The New Haven Board of Aldermen unanimously passed two amendments to the city’s zoning ordinances last night, effectively clearing the way for furniture retailer IKEA to build a store in New Haven.
Originally proposed by the Swedish company in August, a building bearing the signature yellow letters set against a textured blue background are scheduled to open to the public on Sargent Drive — at the intersection of Interstate 95 and State Route 34 — in the spring of 2004.
Some aldermen raised concerns about the proposed demolition of a base wing of the Armstrong Tire-Pirelli Building to make way for the IKEA complex and the possibility of a massive parking lot to accommodate the throng of shoppers consuming valuable waterview property. But most said they agreed the store would be an economic boon to the city.
Ward 6 Alderman Hazelann D. Woodell, who represents the ward where the store will be built, lauded the plan.
“I am 100 percent in support of this effort,” she said. “IKEA will provide 400 jobs, full time and part time, and these jobs will come with a full benefit package, including healthcare.”
In addition to inflating the city job market, IKEA has also agreed to pay for all traffic and environmental improvements itself, while paying $1 million dollars in taxes to the city.
“It’s going to produce taxes; it’s going to produce jobs,” said Ward 29 Alderman Carl Goldfield, vice-chairman of the board’s Legislative Committee, which reviewed the matter before sending it to the full board for a vote. “I think this is an incredible project for the city.”
Ward 9 Alderman John Halle, a Yale music professor, led the small squadron of agitators who objected to the proposal.
Alluding to the failure of past efforts to infuse the city with commerce, Halle urged his peers not to “go headlong into economic activity that will be detrimental to our city.”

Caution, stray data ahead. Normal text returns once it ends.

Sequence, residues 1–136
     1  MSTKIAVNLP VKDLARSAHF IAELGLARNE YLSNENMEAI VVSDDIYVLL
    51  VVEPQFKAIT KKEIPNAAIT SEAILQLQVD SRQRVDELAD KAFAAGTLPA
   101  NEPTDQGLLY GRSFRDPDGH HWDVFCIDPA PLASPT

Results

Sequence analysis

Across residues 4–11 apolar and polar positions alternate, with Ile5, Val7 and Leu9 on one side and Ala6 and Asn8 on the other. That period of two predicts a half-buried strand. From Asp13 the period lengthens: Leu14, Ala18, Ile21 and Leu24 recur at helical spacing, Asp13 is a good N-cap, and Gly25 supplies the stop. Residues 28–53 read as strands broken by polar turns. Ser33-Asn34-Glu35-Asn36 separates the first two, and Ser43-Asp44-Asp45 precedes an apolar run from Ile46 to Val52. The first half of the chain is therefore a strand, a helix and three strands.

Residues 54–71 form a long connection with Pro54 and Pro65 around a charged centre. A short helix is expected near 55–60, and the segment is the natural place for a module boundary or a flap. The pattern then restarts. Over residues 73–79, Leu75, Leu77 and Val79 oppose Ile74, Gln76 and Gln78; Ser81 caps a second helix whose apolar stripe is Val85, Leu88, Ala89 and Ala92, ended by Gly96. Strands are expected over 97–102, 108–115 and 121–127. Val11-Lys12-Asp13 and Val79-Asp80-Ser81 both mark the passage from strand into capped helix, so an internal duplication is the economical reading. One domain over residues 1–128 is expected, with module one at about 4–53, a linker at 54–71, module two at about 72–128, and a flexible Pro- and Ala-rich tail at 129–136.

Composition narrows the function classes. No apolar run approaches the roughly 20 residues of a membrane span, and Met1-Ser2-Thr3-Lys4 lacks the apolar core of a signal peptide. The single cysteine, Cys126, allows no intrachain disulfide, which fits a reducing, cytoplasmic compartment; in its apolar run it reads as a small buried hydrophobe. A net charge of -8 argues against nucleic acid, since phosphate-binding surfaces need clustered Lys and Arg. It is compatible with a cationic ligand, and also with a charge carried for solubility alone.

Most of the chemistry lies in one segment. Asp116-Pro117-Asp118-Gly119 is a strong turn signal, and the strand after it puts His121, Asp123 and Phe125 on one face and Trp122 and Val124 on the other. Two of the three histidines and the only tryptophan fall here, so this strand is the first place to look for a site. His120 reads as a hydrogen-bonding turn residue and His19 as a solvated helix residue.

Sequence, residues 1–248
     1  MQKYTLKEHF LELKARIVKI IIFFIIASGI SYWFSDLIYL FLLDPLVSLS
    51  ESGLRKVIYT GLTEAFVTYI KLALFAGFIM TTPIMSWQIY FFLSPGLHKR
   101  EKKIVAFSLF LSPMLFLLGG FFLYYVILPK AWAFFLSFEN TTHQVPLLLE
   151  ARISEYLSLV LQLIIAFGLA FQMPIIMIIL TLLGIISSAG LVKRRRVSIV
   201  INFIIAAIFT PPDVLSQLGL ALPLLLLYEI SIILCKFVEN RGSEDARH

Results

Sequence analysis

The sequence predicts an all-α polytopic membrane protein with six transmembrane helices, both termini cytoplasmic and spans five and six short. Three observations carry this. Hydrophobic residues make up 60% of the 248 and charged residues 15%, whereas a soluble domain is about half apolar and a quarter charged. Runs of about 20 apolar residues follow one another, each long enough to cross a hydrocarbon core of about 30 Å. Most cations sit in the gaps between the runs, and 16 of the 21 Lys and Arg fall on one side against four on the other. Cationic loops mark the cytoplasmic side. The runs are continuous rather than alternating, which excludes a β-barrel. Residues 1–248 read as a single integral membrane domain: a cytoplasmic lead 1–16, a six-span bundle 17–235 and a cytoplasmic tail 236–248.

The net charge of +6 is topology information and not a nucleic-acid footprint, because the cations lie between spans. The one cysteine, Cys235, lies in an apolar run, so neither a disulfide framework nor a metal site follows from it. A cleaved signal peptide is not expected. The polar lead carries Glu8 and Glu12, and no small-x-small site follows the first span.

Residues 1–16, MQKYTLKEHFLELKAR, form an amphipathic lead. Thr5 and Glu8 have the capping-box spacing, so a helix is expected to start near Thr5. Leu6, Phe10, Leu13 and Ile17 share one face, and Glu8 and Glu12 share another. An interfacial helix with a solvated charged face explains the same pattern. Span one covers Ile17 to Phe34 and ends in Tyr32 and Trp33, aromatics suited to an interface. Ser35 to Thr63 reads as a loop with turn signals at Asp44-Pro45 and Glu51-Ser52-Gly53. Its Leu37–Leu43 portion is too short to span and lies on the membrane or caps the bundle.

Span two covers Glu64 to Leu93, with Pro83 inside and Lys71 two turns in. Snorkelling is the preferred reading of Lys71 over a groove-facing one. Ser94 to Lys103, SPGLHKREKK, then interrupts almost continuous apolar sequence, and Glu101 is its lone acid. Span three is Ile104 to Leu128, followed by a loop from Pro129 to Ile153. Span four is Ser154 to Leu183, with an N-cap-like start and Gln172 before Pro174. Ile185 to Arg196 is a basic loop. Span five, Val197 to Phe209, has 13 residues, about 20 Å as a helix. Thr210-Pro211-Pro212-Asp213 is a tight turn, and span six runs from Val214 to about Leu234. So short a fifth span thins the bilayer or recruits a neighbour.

He called the 1300-car parking lot “a plan that would blacktop a crucial area of land right by the water” and said IKEA would “dwarf” surrounding structures, including the Pirelli Building.
Called “an international modernist landmark but with dubious popularity among locals” by ArchitectureWeek, the striking structure is the work of Marcel Breuer, a Hungarian-born architect who built the UNESCO headquarters in Paris.
The building, visible to passing motorists on I-95, is also on the Connecticut Register of Historic Places, a designation that only commands limited authority in terms of preservation.
“It is a piece of architectural history and the current plan gets rid of what makes it a neat piece of architecture,” said Ward 2 Alderwoman Joyce Chen ’01.
Ward 20 Alderman Charles A. Blango recognized the significance of the building but was decidedly pragmatic in his analysis of the situation.
“If we leave everything historic, [the city] would go bankrupt,” Blango said.
Woodell acknowledged the age of the building but deemed it insufficient reason to prevent the construction of what she said she perceives as a marvelous project.
“I like to preserve old stuff but it doesn’t look older than me,” she said. “I’m a beautiful woman and I love beautiful things.”
Ward 23 Alderman Yusuf I. Shah’s commentary seemed to summarize the belief espoused by aldermen and citizens alike.
“Change is good,” he said. “We’re looking at new opportunities for the people of the city of New Haven.”
IKEA will now submit a construction plan for the site to the City Plan Commission for final approval.